Evangelical Engagement pt 7: If I Planted a Church in Zagreb …

In what I say below, I am NOT saying that house churches are superior to other approaches.

I AM saying that I think house churches fit some contexts–including Zagreb, and the parts of Europe that I am familiar with–better than traditional approaches to making new churches.

I also am NOT criticizing existing churches.  The evangelical pastors of Zagreb and Eastern Europe are going heroic, frustrating work, and I love and respect them deeply.  They are playing the cards they have been dealt to the best of their ability, and I am thankful for them and their labor.

At the same time: if I could deal my own hand in the game, how would I want to play that hand?  Here are my thoughts.

If I planted a church in Zagreb, here’s what I would do.

1. I would intentionally plant a network of house churches.  We would plan from the beginning to be house groups.  We would commit to never owning buildings.  Our gatherings would be in house groups in neighborhoods around the city.  Our offices and meetings would be in our homes, coffee shops, or occasionally rented or borrowed spaces (for special events).

WHY? I think all the other “why’s” below depend on this decision.  Add to that the economic benefits of not having to rent/buy/refurbish/heat etc., a property that is idle much of the week.

2. I would organize each group around 2-4 spiritually mature professionals (i.e., people with full-time “secular” jobs).  Hopefully these would be husbands and wives, for the most part (but not exclusively).  They would bring different mixes of personalities and gifts.  These leaders would give 10 hours per week to working for the network for no or little compensation. We would welcome women in leadership. 

WHY? This lessens our dependence on support from outside Croatia.  It allows a mix of gifts in leadership.

3. Each group would plan to grow to about 15-20 people, including children.  At that point it would plant a new group in a new location.

WHY? Because anything larger is hard to host in homes.

4. We would be constantly developing leaders by expecting everyone to use their gifts and talents.  We would use a continuous loop system of modeling and mentoring.  You know the cycle:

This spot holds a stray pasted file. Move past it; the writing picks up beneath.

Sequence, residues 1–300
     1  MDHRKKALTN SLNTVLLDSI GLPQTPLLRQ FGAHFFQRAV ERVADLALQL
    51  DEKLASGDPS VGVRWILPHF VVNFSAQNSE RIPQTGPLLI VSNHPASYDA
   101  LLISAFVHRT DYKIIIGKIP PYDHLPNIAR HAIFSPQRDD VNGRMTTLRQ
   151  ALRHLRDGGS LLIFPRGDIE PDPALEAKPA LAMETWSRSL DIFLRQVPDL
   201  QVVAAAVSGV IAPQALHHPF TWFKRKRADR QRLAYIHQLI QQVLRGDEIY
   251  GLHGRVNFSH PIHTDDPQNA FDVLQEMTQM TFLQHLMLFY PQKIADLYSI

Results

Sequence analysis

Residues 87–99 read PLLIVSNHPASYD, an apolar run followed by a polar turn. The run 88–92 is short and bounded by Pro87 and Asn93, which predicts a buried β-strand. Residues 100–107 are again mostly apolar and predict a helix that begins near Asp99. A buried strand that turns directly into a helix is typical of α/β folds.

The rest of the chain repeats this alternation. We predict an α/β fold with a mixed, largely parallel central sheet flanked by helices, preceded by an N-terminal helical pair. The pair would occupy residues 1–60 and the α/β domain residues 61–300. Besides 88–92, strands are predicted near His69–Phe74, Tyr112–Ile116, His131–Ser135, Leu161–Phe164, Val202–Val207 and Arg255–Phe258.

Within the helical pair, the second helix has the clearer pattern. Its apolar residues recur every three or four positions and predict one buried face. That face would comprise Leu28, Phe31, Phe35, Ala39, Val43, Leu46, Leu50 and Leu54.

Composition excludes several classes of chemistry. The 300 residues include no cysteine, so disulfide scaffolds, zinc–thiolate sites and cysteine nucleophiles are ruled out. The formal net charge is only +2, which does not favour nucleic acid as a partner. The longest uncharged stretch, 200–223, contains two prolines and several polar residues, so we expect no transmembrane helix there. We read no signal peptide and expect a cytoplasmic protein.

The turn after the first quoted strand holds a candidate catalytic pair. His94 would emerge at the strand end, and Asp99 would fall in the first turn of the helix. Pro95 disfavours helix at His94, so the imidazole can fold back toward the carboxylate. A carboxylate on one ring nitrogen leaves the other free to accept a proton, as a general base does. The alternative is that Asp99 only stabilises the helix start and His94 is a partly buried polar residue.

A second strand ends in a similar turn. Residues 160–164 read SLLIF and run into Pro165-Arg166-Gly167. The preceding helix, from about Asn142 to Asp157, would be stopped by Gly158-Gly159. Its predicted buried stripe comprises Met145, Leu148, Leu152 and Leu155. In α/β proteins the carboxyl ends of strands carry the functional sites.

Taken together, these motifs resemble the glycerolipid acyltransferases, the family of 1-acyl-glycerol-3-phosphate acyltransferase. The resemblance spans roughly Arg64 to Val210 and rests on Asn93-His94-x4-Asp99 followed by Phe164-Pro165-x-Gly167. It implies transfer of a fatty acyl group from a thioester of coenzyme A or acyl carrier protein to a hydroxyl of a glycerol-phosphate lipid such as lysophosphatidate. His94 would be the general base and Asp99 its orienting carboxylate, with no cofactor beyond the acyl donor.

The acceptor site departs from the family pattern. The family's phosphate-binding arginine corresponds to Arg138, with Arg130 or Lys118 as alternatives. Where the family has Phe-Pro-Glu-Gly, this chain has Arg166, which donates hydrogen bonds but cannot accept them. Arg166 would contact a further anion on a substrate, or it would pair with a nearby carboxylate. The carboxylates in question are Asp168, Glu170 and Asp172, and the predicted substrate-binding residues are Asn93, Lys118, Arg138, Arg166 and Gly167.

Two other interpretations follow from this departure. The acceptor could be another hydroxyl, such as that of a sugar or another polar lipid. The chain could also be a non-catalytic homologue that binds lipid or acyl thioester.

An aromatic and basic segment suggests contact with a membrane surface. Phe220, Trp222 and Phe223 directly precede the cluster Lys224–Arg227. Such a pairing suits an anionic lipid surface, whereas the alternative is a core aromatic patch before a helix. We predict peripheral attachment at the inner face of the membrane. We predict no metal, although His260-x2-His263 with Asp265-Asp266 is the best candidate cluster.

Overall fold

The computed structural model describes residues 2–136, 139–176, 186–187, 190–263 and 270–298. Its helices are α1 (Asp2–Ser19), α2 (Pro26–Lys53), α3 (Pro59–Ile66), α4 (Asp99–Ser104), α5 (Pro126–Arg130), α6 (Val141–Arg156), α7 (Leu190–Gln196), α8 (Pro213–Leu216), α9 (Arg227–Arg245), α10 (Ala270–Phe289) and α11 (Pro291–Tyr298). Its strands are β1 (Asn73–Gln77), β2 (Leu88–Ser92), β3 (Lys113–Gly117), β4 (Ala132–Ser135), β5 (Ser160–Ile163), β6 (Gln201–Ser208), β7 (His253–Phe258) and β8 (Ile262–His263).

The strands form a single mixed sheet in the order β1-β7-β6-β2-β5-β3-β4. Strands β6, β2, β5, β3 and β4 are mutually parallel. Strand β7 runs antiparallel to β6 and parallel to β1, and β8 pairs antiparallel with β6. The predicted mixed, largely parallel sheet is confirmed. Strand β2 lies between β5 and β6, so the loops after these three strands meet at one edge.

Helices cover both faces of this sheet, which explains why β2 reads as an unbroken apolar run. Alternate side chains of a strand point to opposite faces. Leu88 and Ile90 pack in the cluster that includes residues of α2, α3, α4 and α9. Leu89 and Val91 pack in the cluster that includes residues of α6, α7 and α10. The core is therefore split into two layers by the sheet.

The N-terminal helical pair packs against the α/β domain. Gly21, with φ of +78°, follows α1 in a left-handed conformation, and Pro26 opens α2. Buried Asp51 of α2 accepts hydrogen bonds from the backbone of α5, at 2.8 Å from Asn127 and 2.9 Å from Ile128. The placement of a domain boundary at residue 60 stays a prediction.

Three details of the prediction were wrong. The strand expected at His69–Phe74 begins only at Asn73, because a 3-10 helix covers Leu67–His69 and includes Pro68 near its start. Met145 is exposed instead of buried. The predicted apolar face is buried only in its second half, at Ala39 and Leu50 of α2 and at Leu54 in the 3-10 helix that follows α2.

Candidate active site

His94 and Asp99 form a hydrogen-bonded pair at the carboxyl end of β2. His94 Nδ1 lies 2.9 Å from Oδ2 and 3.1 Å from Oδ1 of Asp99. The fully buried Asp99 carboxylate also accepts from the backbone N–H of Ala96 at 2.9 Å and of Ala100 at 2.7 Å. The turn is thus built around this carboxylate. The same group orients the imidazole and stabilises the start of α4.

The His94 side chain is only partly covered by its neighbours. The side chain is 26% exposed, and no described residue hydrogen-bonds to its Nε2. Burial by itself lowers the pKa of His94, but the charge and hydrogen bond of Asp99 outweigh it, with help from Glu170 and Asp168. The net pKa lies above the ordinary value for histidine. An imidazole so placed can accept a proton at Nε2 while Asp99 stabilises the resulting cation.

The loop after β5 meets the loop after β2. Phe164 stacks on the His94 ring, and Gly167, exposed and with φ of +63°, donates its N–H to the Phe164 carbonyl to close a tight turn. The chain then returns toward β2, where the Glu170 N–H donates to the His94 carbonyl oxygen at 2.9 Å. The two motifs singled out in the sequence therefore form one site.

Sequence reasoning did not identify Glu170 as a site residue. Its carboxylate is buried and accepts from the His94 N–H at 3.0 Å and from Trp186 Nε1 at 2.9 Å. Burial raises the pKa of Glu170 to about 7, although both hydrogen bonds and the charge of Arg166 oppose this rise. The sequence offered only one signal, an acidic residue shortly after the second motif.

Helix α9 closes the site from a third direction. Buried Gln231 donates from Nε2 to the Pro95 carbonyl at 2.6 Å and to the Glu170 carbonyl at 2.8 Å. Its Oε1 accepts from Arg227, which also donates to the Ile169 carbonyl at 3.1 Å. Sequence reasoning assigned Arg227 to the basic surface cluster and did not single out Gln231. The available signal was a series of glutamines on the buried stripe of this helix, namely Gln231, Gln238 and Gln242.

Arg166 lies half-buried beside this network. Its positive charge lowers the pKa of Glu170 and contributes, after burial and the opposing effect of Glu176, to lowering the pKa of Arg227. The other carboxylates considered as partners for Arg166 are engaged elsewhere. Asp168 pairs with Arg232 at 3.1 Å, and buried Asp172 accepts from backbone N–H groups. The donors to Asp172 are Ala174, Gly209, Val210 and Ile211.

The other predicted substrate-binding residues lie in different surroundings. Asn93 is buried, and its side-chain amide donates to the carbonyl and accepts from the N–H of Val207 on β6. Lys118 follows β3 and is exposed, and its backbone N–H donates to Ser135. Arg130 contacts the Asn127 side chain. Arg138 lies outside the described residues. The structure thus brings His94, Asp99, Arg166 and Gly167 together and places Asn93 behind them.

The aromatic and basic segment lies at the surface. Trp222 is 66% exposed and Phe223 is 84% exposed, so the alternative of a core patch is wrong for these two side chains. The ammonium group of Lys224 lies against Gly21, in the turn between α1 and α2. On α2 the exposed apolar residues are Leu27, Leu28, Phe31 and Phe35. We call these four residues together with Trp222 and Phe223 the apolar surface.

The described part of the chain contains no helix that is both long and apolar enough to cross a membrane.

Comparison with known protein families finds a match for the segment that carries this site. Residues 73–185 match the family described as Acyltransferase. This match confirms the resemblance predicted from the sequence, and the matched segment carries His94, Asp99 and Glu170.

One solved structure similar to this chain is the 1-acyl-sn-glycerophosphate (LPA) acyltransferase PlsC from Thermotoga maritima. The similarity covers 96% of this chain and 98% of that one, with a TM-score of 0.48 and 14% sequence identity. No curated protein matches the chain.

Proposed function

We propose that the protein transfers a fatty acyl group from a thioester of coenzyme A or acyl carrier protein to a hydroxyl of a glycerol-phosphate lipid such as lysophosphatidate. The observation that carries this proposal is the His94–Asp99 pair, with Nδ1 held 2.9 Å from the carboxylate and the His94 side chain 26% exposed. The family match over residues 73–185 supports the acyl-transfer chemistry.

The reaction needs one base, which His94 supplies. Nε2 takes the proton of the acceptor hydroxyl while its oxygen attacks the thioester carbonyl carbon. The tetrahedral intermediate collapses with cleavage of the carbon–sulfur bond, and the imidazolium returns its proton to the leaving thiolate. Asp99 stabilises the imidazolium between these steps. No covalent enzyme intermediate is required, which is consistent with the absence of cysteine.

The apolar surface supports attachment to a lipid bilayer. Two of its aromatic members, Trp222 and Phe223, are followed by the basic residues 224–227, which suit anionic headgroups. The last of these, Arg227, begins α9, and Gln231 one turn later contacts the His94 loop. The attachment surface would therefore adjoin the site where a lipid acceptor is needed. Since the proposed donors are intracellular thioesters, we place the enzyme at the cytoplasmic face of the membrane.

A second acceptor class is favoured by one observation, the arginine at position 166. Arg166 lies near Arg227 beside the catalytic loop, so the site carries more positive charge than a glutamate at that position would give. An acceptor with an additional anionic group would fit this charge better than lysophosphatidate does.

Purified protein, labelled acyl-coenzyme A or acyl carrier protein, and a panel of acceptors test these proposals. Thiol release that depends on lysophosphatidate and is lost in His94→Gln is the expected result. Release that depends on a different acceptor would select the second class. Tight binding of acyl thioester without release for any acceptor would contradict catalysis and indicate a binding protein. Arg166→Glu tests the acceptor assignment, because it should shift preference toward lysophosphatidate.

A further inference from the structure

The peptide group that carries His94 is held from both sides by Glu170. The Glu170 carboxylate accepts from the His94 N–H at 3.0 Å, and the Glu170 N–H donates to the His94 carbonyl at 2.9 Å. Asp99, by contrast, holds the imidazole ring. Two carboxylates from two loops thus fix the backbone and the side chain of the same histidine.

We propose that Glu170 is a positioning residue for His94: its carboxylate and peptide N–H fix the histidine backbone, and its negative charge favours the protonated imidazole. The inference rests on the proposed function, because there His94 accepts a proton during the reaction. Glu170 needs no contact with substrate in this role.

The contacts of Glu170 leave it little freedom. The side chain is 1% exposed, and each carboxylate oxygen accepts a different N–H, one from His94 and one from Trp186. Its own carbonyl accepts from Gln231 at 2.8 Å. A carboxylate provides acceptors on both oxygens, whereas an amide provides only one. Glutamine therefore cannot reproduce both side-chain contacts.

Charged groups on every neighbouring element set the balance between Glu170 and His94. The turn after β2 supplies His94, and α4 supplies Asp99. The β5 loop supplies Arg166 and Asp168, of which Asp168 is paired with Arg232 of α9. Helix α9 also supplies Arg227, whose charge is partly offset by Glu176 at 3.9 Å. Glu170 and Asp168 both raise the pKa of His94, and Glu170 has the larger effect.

• You teach (explain).
  • They watch you do the task.
  • You do the task with them.
  • They do the task with you.
  • You observe them do the task.
  • You turn them loose.
  • You teach (explain) to someone else.

WHY? I want to avoid the passivity-problem that is so common in European churches. For these churches to thrive—for ANY CHURCH TO THRIVE—there must be a strong culture of volunteerism & participation.  Expecting ownership & involvement is the blueprint of Ephesians 4.11-16.

5. We would strongly urge people to attend the house group closest to where they live (or work?).  We would do this, so as to better facilitate ministry in the neighborhoods where our groups were located.  And we would demand that each group “sink into” its neighborhood, finding and meeting needs in the name of Jesus, serving and being the best neighbors possible to the people living and working around them.

WHY?  Focused attention and missional presence; this helps the group know their mission field; it would LITERALLY be the apartment building or the block that they all live in. Also economics; this cuts down problems with parking & commuting.  

6. We would plan from the beginning to have our primary gatherings at a time other than Sunday morning.  In Zagreb, Sunday morning is a very active time in the parks, nature areas, and center of the city.  We would use that time for ministry to the public where they are: handing out water bottles to hikers and bikers, giving away ice cream to children, praying for people who need prayer, street ministry/evangelism, whatever is appropriate for busy public settings.

WHY?  Minister to the people when they’re there, when they’re available.  The early Pauline churches probably met in the afternoons & evenings, because Sunday was a work day.

7. I would avoid using the word “church”. We would think of ourselves as PART of the Church universal, of course.  But in context, “fellowship”, “gathering,” “community” (“gemeinde”) would be a better label.

WHY? Because Croats (like most Europeans) have very specific ideas about what that word means and WE WOULD NOT FIT THEIR DEFINITION.  Europeans don’t see a distinction between Christianity and christendom.  We would be living out the distinction.

In Croatia, I think I would legally organize the group as a benevolent udruga (association), so that we could accept donations and spend money according to our purpose.

8. We would be supportive of existing churches in every possible way.  We would go out of our way to be supportive of other churches, leaders, ministries.

Problems remain, of course. What to do about worship? Ministry to children? Etc.

If we had someone particularly gifted at leading worship, perhaps the groups could have staggered worship times & the worship leader could move from group to group?  Maybe that would work with other specialized ministry things as well?  The “circuit rider” model?

Or maybe the emphasis should be more on reading scripture together & prayer, and less on performative worship & preaching / teaching?

2 thoughts on “Evangelical Engagement pt 7: If I Planted a Church in Zagreb …

  1. Perry, you described here Borongajci church concept from about 20 years ago. I am just thinking in how many Zagreb or Croatian homes you can put 20 people and children…


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